Entertainment briefs - Jan. 3
■ Acclaimed autoharpist to perform in NYM
NEW YORK MILLS — Acclaimed autoharpist Bryan Bowers will perform a concert at 7:30 p.m. Tuesday at the New York Mills Regional Cultural Center. Admission is $12 advance sale and $15 the night of the concert. Student admission is $5. Tickets are available by calling 218-285-3339.
Bowers is a major artist on the traditional music circuit. A well-known singer-songwriter, he has redefined the autoharp.
For nearly four decades, Bowers has been to the autoharp what Earl Scruggs was to the five-string banjo. He presents instrumental virtuosity combined with warmth, eloquence, expression and professionalism.
From his rather unglamorous beginning as a street singer, Bowers has become a major artist.
Bowers relocated to Seattle in 1971 and played for coins as a street singer and in bars for the right to pass the hat. Once he had polished his technique, he headed east.
“The Dillards heard me in D.C. when I went to the Cellar Door,” Bowers said in a news release. “I introduced myself and played the `Battle Hymn Of The Republic’ to show them how the harp worked. Sam Bush, Curtis Burch and Courtney Johnson of the New Grass Revival were there. I didn’t realize how presumptuous I was being. The Dillards took me to a bluegrass festival at Berryville, Va., and when they got an encore, they put me out there for their second encore, saying `Here’s a guy you ought to hear.’ The bluegrass community has been real supportive.”
Bower’s creativity and talent have won him induction into Frets Magazine’s First Gallery of the Greats, after five years of winning the stringed instrument open category of the magazine’s readers’ poll.
This distinction put Bowers along side other luminaries such as Chet Atkins, David Grisman, Stephan Grappelli, Itzhak Perlman, Tony Rice, Rob Wasserman and Mark O’Connor, recognized for their personal accomplishments.
In 1993, Bowers was the first living member inducted into the Autoharp Hall of Fame to stand only with Maybelle Carter, Kilby Snow and Sara Carter.
In 2003, he organized and co-produced Autoharp Legacy in which he brought together 55 autoharp players and created the definitive three-CD set of autoharp music.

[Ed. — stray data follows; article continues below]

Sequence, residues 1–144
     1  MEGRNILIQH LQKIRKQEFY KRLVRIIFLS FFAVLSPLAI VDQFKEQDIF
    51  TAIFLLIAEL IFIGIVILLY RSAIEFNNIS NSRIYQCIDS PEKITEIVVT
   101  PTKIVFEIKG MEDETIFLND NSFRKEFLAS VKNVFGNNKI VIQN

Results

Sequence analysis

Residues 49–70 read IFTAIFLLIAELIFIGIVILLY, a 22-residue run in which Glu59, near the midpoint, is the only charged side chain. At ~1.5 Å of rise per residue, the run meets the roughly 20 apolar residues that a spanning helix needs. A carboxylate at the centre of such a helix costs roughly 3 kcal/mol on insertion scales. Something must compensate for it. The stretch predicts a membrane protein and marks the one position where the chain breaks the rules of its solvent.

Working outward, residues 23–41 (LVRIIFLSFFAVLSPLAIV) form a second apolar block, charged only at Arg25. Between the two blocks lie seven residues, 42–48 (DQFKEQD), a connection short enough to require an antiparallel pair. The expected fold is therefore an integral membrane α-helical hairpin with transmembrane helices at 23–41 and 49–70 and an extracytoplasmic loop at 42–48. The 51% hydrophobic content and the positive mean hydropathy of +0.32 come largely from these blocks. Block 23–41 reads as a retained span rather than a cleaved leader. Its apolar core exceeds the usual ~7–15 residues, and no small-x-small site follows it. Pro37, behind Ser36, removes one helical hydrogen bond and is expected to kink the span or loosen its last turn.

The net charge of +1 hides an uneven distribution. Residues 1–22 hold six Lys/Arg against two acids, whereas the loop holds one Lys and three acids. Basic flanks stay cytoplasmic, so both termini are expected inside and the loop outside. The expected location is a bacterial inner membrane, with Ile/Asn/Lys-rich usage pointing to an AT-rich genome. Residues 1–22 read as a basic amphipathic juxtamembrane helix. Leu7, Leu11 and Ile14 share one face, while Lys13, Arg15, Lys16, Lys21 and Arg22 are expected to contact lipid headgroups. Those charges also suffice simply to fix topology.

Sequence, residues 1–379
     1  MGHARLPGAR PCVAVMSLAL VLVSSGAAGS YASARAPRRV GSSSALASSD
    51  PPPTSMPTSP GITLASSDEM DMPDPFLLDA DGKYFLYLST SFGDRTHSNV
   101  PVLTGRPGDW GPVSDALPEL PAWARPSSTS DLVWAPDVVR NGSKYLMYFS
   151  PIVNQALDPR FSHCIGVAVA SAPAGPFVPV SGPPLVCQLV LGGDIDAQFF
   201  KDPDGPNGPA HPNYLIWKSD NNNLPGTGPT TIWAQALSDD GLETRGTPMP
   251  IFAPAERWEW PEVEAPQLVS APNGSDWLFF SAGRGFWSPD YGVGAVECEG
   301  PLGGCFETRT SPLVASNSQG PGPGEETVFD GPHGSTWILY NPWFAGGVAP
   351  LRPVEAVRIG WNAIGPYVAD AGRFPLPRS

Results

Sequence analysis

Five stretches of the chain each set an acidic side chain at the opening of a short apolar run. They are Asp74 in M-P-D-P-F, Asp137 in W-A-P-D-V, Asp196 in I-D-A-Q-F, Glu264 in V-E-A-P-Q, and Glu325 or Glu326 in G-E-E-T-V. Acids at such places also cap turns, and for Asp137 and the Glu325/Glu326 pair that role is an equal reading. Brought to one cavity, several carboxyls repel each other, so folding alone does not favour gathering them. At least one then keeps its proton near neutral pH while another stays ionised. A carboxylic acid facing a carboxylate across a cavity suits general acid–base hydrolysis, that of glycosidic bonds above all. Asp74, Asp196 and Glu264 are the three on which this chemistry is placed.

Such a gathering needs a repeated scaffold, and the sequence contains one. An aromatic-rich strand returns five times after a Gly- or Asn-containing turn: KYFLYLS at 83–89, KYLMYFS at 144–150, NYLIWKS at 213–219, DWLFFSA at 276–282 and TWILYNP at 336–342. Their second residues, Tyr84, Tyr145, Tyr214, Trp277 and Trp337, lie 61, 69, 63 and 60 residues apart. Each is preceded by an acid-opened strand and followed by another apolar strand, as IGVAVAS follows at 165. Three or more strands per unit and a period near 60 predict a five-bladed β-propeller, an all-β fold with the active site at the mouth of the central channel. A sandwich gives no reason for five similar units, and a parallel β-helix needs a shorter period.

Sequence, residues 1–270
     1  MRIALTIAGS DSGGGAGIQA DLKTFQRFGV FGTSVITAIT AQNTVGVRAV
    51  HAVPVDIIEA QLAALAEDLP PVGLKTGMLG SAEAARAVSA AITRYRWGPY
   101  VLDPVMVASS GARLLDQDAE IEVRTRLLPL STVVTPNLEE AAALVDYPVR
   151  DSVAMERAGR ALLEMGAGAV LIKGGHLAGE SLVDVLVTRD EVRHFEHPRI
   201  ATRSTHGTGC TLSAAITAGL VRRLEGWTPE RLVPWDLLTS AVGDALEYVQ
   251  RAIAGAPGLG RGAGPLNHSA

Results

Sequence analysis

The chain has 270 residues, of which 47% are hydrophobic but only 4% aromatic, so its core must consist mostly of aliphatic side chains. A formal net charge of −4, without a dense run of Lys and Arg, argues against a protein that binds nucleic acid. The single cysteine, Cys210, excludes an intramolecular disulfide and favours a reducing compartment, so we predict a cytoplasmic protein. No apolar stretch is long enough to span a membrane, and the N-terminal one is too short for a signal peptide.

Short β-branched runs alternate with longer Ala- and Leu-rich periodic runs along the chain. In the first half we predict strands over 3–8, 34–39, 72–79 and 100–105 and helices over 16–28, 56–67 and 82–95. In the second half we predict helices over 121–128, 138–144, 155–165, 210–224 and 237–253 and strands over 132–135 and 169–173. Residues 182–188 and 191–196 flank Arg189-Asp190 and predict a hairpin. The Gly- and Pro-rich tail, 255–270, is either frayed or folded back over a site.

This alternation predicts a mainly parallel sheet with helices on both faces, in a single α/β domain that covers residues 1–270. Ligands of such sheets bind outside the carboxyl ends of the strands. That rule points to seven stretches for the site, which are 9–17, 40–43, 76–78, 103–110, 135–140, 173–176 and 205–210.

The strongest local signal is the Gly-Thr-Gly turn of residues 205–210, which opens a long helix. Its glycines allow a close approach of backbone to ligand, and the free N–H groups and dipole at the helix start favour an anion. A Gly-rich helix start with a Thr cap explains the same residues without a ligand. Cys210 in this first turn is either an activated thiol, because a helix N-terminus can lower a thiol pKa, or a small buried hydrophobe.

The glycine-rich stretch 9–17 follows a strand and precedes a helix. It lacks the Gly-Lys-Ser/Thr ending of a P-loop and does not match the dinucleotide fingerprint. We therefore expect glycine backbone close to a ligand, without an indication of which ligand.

In addition, Bowers’ critically acclaimed recordings on Flying Fish/Rounder Records are “The View From Home,” “Home, Home On the Road,” “By Heart,” “Friend For Life” and “For You.”
In 2006 Bryan’s landmark recording, “Bristlecone Pine,” was released on Seattle Sounds with distribution assistance by Plectrafone Records.
Autoharp partner and close friend Ron Wall directed and created the recording.
Several of Bowers’ friends from throughout the years offered musical assistance, including: Tim O’Brien, Sam Bush, Mark Howard, Alan O’Bryant, Pat Enright, Dennis Crouch, Stuart Duncan and Ron Wall.
■ ‘Home Sweet Home’ exhibit to open
AITKIN — The Jaques Art Center in Aitkin will open its ninth annual juried exhibit entitled “Home Sweet Home” on Friday. The opening reception will be held from 12-3 p.m. Saturday.
Prizes will be awarded at 1 p.m.
The exhibit will be open until Jan. 16. Art must depict a home as its prime subject. For more information call the center at 218-927-2363.
■ CLC calling for musicians
The Central Lakes College (CLC) Music Department is looking for musicians for the pit orchestra in the production of “A Funny Thing Happened On The Way To The Forum.”
“We are looking for a violinist, a drummer, percussionist and brass and woodwind players,” said Steven K. Anderson, music director. Candidates must be able to read music and be available for rehearsals and performances in January and February on the Brainerd campus of CLC.
Those interested should contact Anderson at 855-8215, 831-3652 or email@example.com.
■ 12th Night of Christmas
Concert set Sunday
The 10th annual 12th Night of Christmas Concert will be held at 7 p.m. Sunday at First Congregational United Church of Christ (UCC) in Brainerd.
Entrance into the concert will be a free will offering.
The annual Twelfth Night of Christmas Concert will include singing Christmas carols and a variety of music to be performed including:
• A Wind Ensemble featuring Lori Howe, saxophone, Lance James, recorder, Becky Stadem, French horn playing “Once in Royal David’s City.”
• Hans Blix and the Weapons Inspectors featuring singers Kristen Blann on fiddle, Mike Duval on guitar, Laurie Chamberlain and Phil Hunsicker, both on guitar and Kent Montgomery on mandolin.
• Recorder Ensemble featuring Leslie Hobson, James, Theresa Kingsley, Shirley Lintner performing “Adoramus Te Christe” and “Ave Verum.”
• A flute duet with Jenny and Claire Gunsbury playing “What Child is This?”
• A brass quartet with Stadem and Claudette Kitzman on french horn and James and Joe Stattine on trombone.
• A guitar/vocal soloist, Kade Platta, playing his own compositions of “Underneath the Mistle-Toe” and “My Red Wagon.”
• Saxophone soloist, Lori Howe, playing “Ave Maria.”
• Duet for violin and viola, Sandy Larson and Leslie Zander will perform Op. 70. No. 1 by Leopold Jansa.
• Vocal ensemble, CONSENSUS featuring Jennifer and Dave Pelowski, Virginia and Dan Rohr, Sonja and Laurie Chamberlain, Jennifer and Brian Stubbs and Grace Forbord will sing “The Holly & the Ivy,” “Lullay My Liking” and “White Christmas.”
• Organ and piano duet with Judy Rickbeil and Laura Raedeke playing “Christmas Medley.”
The Music Committee of First Congregational UCC dedicates this concert to the memory of Ann Grussing.